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In the 1960s and '70s, a diverse range of storefronts -- including head shops, African American bookstores, feminist businesses, and organic grocers -- brought the work of the New Left, Black Power, feminism, environmentalism and other movements into the marketplace. Through shared ownership, limited growth, and democratic workplaces, these activist entrepreneurs offered alternatives to conventional profit-driven corporate business models. By the middle of the 1970s, thousands of these enterprises operated across the United States. But only a handful survive today. Some, such as Whole Foods Market, have abandoned their quest for collective political change in favor of maximizing profits.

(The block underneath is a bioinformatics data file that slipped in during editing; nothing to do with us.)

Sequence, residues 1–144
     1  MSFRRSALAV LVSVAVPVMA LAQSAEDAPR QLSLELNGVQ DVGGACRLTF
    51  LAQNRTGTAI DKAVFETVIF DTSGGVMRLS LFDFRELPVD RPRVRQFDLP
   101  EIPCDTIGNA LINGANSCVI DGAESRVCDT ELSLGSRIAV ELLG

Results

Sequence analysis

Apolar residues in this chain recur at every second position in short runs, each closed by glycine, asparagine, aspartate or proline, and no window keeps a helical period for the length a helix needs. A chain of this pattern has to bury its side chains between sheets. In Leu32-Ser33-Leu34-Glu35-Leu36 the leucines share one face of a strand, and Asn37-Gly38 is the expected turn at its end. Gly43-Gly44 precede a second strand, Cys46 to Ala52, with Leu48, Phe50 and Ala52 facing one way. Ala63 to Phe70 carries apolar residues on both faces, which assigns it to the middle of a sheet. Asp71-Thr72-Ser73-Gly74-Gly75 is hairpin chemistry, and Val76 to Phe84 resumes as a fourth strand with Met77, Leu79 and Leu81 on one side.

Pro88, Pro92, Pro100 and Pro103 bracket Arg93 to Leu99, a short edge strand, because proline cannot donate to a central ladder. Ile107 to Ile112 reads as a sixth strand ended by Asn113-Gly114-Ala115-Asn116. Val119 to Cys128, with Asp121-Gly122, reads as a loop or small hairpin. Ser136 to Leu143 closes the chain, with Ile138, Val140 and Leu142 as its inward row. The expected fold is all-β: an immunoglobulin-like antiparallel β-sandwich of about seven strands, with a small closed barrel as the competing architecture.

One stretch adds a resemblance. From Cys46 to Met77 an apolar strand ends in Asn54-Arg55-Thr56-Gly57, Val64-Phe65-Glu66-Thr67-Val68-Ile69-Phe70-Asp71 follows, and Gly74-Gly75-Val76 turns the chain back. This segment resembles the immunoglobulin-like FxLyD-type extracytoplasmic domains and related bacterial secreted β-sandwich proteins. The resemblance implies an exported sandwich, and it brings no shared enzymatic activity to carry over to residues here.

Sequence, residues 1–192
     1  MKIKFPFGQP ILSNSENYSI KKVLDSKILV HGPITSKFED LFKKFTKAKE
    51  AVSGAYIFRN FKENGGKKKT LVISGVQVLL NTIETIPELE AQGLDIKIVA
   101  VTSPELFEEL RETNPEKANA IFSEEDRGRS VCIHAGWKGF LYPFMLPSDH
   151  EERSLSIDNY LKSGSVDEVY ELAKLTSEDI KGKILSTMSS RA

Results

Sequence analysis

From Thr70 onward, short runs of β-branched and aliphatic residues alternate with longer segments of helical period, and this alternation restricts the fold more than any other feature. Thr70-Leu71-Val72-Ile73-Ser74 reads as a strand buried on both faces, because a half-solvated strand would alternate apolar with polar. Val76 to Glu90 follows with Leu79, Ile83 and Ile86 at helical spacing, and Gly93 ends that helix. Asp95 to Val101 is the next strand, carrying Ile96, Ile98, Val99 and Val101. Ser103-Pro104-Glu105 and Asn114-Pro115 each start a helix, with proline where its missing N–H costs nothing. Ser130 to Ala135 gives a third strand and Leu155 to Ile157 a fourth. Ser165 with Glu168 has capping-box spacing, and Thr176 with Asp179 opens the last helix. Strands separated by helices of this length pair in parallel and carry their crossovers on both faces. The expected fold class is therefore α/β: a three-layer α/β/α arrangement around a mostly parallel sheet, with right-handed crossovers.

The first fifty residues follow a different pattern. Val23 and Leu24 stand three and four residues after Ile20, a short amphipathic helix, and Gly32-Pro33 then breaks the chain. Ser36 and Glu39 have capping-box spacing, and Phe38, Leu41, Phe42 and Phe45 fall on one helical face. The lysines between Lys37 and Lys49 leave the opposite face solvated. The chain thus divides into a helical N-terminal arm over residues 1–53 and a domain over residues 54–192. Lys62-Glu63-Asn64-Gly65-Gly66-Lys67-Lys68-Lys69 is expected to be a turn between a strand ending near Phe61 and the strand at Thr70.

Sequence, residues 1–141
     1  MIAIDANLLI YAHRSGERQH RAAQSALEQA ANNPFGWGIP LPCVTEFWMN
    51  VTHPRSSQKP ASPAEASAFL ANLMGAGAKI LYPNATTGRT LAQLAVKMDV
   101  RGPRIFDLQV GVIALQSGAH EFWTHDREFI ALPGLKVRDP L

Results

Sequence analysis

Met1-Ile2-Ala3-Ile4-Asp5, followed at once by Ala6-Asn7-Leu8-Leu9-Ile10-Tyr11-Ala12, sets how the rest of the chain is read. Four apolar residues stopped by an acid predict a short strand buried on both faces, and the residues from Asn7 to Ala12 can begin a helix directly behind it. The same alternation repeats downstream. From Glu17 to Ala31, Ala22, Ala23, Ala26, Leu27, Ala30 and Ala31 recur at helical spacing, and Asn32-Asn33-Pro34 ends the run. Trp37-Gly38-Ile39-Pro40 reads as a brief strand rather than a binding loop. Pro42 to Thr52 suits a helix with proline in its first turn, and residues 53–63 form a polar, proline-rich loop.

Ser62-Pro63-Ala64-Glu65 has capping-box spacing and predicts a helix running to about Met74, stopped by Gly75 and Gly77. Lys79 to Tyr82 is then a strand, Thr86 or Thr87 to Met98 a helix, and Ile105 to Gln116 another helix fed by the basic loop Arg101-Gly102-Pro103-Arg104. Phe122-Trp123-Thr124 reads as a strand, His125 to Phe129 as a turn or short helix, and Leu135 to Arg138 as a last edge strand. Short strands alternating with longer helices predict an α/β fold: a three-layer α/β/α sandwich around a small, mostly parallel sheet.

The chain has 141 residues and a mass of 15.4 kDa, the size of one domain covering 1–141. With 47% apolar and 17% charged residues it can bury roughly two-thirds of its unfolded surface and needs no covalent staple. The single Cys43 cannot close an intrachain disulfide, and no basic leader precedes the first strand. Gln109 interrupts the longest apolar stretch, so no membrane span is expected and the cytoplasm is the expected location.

In From Head Shops to Whole Foods, Joshua Davis portrays the struggles, successes, and sacrifices of these unlikely entrepreneurs. The book challenges the widespread but mistaken idea that activism and political dissent are inherently antithetical to participation in the marketplace. Davis uncovers the historical roots of contemporary interest in ethical consumption, social enterprise, buying local, and mission-driven business.
Joshua Clark Davis is assistant professor of history at the University of Baltimore.
TIME & DATE
Tuesday, March 13, 2018 - 6:30pm